Sunday, April 26, 2009


Once upon a time a sami family from Finland emigrated to America. One of the daughters was my great grandmother, also a hex. She worked as an waitress and met my great grandfather. They had a farm and my grandmother was born. My great grandfather inherrited a farm in Finland so they moved back. My grandmother married a charming but bad man, against the will of her parents. My grandfather. During the war she escaped with her children into Sweden and married another man. And converted to Jehovas witnesses. I remember this much from what my aunt told me. I was most interested in the part that my great grandmother was an hex too. Do I remember it wrong if I think it was Michigan they made their American farm in? I wonder if I still have relatives back there. Did my great grandmother have sisters who stayed back there and who had daughters and granddaughters?

Now when I have researched finns in Michigan a little I just have to cite this slightly racist remark the folklorist, Richard Dorson made about the finn emigrant community in his classic Blood Stoppers and Bear Walkers:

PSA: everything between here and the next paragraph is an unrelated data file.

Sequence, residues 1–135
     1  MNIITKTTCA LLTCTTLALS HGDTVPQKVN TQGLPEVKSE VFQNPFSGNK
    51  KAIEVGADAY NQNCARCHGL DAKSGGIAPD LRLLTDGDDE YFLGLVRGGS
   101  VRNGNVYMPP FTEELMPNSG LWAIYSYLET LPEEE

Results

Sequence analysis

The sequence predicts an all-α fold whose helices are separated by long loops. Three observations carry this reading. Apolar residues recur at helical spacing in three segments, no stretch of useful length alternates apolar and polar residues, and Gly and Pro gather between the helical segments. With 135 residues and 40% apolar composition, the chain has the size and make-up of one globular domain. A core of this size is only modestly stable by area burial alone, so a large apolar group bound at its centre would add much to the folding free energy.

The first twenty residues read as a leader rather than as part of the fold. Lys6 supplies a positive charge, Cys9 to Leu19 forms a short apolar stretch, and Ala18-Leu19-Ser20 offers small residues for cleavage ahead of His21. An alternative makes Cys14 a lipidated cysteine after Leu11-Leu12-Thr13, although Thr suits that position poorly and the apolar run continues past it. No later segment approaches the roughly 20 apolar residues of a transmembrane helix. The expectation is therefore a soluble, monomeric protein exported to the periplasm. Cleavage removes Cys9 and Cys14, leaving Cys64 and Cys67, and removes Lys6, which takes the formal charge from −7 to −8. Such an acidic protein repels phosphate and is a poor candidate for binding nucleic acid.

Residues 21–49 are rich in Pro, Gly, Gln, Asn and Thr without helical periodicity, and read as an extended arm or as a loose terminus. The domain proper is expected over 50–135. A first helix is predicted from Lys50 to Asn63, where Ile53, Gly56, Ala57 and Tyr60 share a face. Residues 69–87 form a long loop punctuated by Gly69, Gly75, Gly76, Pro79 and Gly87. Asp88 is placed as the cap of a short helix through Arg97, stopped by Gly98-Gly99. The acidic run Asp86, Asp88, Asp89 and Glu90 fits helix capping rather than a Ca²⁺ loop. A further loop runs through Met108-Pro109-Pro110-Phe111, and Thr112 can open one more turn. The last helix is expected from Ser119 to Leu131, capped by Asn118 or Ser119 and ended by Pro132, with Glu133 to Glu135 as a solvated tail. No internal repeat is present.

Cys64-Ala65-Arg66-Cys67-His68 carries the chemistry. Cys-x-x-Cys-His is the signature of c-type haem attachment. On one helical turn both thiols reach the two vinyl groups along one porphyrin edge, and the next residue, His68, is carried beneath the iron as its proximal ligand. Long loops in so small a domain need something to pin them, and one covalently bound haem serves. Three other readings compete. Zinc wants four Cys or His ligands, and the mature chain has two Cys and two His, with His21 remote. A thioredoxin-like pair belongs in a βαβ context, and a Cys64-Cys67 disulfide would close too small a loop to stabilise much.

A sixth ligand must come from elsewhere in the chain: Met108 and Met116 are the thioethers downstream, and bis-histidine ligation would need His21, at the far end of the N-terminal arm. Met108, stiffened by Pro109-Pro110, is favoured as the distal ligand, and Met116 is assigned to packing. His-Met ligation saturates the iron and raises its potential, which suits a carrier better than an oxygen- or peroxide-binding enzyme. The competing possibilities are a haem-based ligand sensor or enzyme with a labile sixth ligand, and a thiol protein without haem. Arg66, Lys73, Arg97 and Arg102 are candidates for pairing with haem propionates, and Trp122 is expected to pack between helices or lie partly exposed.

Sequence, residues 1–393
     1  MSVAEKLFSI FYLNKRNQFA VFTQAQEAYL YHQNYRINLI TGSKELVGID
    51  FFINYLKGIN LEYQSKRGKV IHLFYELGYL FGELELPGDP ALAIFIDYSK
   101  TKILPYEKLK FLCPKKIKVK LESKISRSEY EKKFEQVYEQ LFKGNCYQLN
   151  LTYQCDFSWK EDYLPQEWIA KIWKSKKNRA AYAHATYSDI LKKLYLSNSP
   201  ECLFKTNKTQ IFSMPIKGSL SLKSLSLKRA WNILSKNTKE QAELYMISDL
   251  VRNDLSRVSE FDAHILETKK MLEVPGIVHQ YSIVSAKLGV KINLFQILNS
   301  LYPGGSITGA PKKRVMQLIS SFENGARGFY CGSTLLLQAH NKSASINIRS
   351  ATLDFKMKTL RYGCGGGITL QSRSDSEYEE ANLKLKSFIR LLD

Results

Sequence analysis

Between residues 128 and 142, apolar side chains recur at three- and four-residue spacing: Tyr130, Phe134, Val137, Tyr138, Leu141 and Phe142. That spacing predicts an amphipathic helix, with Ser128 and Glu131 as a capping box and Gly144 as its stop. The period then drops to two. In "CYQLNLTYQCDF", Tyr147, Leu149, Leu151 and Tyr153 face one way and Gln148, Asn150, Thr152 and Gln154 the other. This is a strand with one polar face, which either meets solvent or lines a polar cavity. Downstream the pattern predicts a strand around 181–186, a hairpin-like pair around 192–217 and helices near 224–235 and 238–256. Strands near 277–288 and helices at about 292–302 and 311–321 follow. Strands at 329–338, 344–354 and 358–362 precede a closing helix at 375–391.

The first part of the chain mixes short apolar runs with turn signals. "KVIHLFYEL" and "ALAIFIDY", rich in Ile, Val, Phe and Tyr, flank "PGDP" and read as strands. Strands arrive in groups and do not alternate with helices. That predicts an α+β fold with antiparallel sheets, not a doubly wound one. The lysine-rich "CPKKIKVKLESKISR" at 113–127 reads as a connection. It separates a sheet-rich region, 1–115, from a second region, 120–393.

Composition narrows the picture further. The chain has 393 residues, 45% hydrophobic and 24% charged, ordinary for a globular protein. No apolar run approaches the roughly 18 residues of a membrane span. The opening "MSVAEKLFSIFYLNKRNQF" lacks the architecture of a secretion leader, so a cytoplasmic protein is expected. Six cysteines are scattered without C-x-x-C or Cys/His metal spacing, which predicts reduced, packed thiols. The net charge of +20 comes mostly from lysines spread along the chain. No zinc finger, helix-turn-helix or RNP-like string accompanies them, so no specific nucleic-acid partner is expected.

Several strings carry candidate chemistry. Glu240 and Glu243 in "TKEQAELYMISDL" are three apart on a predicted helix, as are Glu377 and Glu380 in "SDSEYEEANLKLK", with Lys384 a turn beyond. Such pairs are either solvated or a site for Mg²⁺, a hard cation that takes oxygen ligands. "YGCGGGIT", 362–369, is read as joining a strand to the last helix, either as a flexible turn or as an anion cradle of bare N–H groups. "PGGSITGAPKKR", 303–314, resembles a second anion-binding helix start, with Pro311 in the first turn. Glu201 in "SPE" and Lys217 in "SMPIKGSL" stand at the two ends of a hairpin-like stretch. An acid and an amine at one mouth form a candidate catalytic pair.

The coming of the Finn has rocked the north woods country. He is today what the red man was two centuries ago, the exotic stranger from another world. In many ways the popular myths surrounding the Indian and the Finn run parallel. Both derive from a shadowy Mongolian stock - ‘just look at their raised cheek-bones and slanting eyes.’ Both possess supernatural stamina, strength, and tenacity. Both drink feverishly and fight barbarously. Both practice shamanistic magic and ritual, drawn from a deep well of folk belief. Both are secretive, clannish, inscrutable, and steadfast in their own peculiar social code.

It tells me something of how the finns were recieved if nothing else. It is not at all stange to me now that my great grandmother and her husband decided to go home to Finland again. My aunt said that my great grandmother missed the genius loci of her homeland. I guess it was like me missing the Torne river now.

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